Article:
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High School Physics

Electric Power class 10

Electric power of an electrical appliance or circuit tells us the rate at which electrical energy is consumed by it per unit time. This is denoted by P and measured using the SI unit of power watt or one joule per second.

For example, a bulb of 100 watts power consumes electrical energy at the rate of 100 joules per second (100 J/s or 100 J s–1).

Watt is an important unit of power since it is used in electrical work. Watt is a small unit of power. Sometimes bigger units of power called kilowatt (kW) and megawatt (MW) are also used.

Electric Power Definition

Electric power is the rate at which electrical energy is consumed by an electric circuit per unit time. It is a scalar quantity. It is denoted by P and its SI unit is Watt or Joule per second.

Electric Power Formula

Electric Power formula is written as follows: P = VI
Here, P is the Power, V = Potential Difference in the circuit and I is the electric current.

Other formulas of Electric Power derived using Ohm’s law are as follows:

P = I2R
P = V2/R
Here, R stands for the resistance of the circuit.

SI Unit of Electric Power – Watt

The SI unit of electric power is watt which is denoted by the symbol W.

We can now define the unit of power ‘watt’ as follows : 1 watt is the power of an appliance which does work at the rate of 1 joule per second.

We can also define watt by using the term ‘energy’ as follows : 1 watt is the power of an appliance which consumes energy at the rate of 1 joule per second.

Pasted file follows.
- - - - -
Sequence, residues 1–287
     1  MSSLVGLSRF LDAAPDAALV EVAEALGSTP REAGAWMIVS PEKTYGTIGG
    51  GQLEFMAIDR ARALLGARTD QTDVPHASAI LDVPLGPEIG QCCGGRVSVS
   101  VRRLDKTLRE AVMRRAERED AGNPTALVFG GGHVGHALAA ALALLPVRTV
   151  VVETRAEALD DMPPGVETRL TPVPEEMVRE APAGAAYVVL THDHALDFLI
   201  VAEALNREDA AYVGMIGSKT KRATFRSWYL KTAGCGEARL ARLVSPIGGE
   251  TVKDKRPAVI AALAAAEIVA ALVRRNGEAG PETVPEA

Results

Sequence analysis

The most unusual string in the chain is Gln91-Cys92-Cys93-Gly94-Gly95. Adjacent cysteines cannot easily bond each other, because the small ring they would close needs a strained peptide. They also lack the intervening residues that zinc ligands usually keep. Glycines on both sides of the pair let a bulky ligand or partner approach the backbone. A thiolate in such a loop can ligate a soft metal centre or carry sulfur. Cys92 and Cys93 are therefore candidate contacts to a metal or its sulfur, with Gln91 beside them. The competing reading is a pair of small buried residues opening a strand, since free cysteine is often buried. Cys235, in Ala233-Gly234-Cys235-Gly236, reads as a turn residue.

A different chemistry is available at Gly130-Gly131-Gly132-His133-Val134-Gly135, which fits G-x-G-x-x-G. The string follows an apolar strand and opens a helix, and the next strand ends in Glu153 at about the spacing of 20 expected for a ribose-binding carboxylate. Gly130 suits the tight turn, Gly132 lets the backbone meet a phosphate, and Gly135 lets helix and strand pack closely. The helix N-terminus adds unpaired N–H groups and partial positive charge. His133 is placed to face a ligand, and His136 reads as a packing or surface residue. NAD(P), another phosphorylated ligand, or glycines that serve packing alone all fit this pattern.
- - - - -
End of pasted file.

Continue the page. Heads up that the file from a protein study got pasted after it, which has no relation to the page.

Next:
We can write an expression for watt as follows :
1 watt =1 joule/1 second

The unit of power called ‘watt’ is named after a Scottish inventor, engineer and designer James Watt who became famous for improving the design of steam engine.

Other Units of Electric Power

Watt is a small unit of power. Sometimes bigger units of power called kilowatt (kW) and megawatt (MW) are also used.
1 kilowatt = 1000 watts
or 1 kW = 1000 W
And 1 megawatt = 1000,000 watts
or 1 MW = 1000,000 W
or 1 MW = 106 W

Horse Power: Another unit of power is called ‘horse power’ (h.p.) which is equal to 746 watts. Thus,
1 horse power = 746 watts

Brake Horse Power: These days the powers of engines (of cars, and other vehicles, etc.) are expressed in the unit called ‘brake horse power’ (b.h.p.). Brake horse power is the unit of power equal to one horse power which is used in expressing power available at the shaft of an engine. The more powerful a car is, the quicker it can accelerate or climb a hill, that is, more rapidly it does work.

Power-Energy Formula

Power is the rate of energy consumption.
Power P = E/t …………………… [1] where, E is the electric energy consumed (in Joules) and t is time duration in seconds.

Again E = Work done to move a charge Q through a electric circuit having Potential Difference of V.
E= W = QV ……… [2]

From 1 and 2,
P = QV/t ………….. [3]

Derivation of Electric power formula [P=VI]

P=E/t = W/t = QV/t = V (Q/t) = VI
=> P = VI
Here, P is the Power, V = Potential Difference in the circuit and I is the electric current.

Electric Power Sample Numerical Problem

Example:

An electric bulb consumes 7.2 kJ of electrical energy in 2 minutes. What is the power of the electric bulb ?

Solution.

We know that :
Power = Energy consumed/Time taken
Here, Energy consumed = 7.2 kJ = 7.2 × 1000 J = 7200 J

And, Time taken = 2 minutes = 2 × 60 seconds = 120 s
Now, putting these values of ‘energy consumed’ and ‘time taken’ in the above formula, we get :
Power =7200 J/120 s
= 60 J/s
= 60 W
Thus, the power of this electric bulb is 60 watts.


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